• A list of those involved or already interested in your feature plugin (including you!)
    • What you’d like help with (scoping, planning, wireframing, development, design, etc).

    This post and the accompanying chat is for posting ideas that you’d be interested in working on. It is not for posting every feature idea you have for WordPress.

    Current feature plugin leads: Please post an update for your plugin here, along with the information above.

    See you all at the chat!

    • scotthack 4:52 pm on February 27, 2014 Permalink | Log in to Reply

      I’d like to see a plugin built that will accept an XML file to import custom post types and taxonomies. That way theme authors can just provide an XML file with their themes. Then the end user can use the import file to create custom post types and taxonomies and it would be imported independent of the theme.

      This is in the idea stage. My coding skills are very basic, so I’d be of little to no help in the coding department. It would need to be picked up by a competent programmer to actually see it through. I’m only able to help with testing, feedback, and idea conception.

    • UaMV 5:33 pm on February 27, 2014 Permalink | Log in to Reply

      Extend proper author/contributor support when defining custom post types. Currently, when a CPT is registered with support for ‘author’, the metabox returns a list of users with the author role (even if those users don’t have ‘edit_posts’ capability for the CPT. Even in the standard post editor, the author metabox includes only users with an author role, not necessarily those who can contribute (or have edit_posts capability). I believe this metabox should return any user that has the ‘edit_posts’ capability for the specific post type in which the author metabox is being supported.

      There is currently a plugin, Authors Autocomplete Meta Box, in the repository that extends this functionality.

      Rachel Carden (aka bamadesigner) is the author of this plugin (commissioned by ereleases.com). I have, as of yet, had no contact with her regarding the plugin, but find it of great use on my site with multiple CPTs and multiple custom roles.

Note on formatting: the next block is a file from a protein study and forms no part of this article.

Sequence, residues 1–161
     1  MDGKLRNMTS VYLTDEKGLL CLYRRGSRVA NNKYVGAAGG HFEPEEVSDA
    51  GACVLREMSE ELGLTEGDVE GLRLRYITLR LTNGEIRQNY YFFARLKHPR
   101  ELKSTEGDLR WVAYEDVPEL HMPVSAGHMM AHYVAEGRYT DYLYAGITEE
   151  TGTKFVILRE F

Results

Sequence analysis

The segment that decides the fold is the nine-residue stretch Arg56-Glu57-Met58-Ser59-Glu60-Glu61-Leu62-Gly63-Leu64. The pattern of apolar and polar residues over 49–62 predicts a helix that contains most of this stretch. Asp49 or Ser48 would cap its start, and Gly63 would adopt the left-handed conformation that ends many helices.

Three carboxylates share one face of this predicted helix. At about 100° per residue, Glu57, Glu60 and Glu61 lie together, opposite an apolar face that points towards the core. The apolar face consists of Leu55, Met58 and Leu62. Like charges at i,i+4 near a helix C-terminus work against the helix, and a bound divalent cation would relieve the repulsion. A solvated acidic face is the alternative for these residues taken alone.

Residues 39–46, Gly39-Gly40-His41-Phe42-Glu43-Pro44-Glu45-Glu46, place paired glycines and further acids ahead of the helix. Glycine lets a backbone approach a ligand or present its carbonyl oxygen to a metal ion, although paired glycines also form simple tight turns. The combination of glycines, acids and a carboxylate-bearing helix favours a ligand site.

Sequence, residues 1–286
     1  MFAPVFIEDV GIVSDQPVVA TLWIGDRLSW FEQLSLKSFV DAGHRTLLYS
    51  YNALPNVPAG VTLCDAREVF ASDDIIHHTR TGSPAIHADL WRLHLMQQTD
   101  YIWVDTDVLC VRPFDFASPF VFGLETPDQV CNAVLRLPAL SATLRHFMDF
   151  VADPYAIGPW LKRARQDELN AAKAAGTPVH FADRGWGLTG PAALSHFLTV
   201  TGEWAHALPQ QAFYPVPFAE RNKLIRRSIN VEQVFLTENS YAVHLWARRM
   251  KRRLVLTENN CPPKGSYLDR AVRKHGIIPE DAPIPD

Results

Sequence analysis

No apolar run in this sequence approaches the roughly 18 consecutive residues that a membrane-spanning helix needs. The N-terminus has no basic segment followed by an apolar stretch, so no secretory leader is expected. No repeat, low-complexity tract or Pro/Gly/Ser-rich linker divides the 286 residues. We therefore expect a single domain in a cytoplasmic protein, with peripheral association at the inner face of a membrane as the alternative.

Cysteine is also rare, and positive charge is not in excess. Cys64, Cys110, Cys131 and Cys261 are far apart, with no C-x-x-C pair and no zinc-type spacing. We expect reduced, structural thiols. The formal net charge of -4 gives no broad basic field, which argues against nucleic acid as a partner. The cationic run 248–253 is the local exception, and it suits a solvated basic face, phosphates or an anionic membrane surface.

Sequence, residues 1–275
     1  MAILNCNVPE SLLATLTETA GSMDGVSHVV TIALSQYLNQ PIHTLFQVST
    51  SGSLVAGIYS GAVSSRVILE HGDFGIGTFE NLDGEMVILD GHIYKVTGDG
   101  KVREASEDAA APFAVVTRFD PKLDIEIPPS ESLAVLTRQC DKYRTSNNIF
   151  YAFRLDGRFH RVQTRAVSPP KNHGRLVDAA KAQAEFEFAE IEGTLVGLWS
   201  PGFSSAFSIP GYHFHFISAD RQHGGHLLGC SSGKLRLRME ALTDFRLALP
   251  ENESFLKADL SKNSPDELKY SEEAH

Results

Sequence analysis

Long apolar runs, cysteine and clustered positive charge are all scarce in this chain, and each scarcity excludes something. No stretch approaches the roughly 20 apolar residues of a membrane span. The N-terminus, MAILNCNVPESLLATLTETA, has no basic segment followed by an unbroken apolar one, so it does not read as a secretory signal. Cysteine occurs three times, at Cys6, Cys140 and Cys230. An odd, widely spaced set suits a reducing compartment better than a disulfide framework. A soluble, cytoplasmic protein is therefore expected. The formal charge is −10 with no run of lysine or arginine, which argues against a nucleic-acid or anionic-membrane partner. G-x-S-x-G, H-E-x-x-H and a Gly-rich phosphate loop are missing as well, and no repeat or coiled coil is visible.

Not sure at the moment how I might assist.

    • Avryl 6:36 pm on February 27, 2014 Permalink | Log in to Reply

      The Front-end Editor is a plugin that allows posts to be edited on the front-end (so it’s really WYSIWYG) and aims to have all the features available that the back-end editor has.

      It’s currently in development on GitHub and updates a posted weekly on the UI blog.

      I’m the project lead (@avryl) and those who are involved or have shown interest are @azaozz, @brainstormforce, @bravokeyl, @gcorne, @helen, @henrywright, @hugobaeta, @joen‎, @kraftbj, @markjaquith, @melchoyce, @mrahmadawais, @obenland, @protechig‎, @rafaelxt, @rhurling‎, @roundhill, @samuelsidler, @shaunandrews, @tillkruess, @ubernaut, @wholegraindigital and others.

      If you’re interested, take a look on GitHub and join our Skype chat. The next meeting will be Tuesday, 4 March 2014, 17:00 UTC in #wordpress-ui.

    • Chris Reynolds 12:46 am on February 28, 2014 Permalink | Log in to Reply

      AH-O2 (aka Admin Help) is venturing to reimagine the help system in the WordPress admin.

      It’s currently in development is on GitHub with updates being pushed weekly to the WordPress plugin repository. Updates are posted to the Docs and UI P2s.

      I’m the project lead (@jazzs3quence) and other contributors and folks who’ve been involved one way or another are:
      @brainfork, @trishasalas, @jdgrimes, @ubernaut, @zoerooney, @ninnypants, @mdbitz, @clorith, @nikv, and @veraxus

      We need help with:

      1. Documentation — new tooltips are being added to every admin page. Coders (the folks adding them) != writers, so many of these need to be (or will need to be) reviewed, fixed, updated or written. Also, it’s been pointed out that the help overviews we’re building — which replace the help tabs — may not be best suited for the existing documentation in the help tab (which we’re currently pulling from). So help documentation for those areas may need to be edited/changed/added/removed/etc.
      2. Coders — tooltips are added with javascript (and a little php, just to add the translatable string) but fear not! It’s really easy and repetitive. With about 10 minutes of guidance I think I can walk just about anyone through the process of adding a tooltip.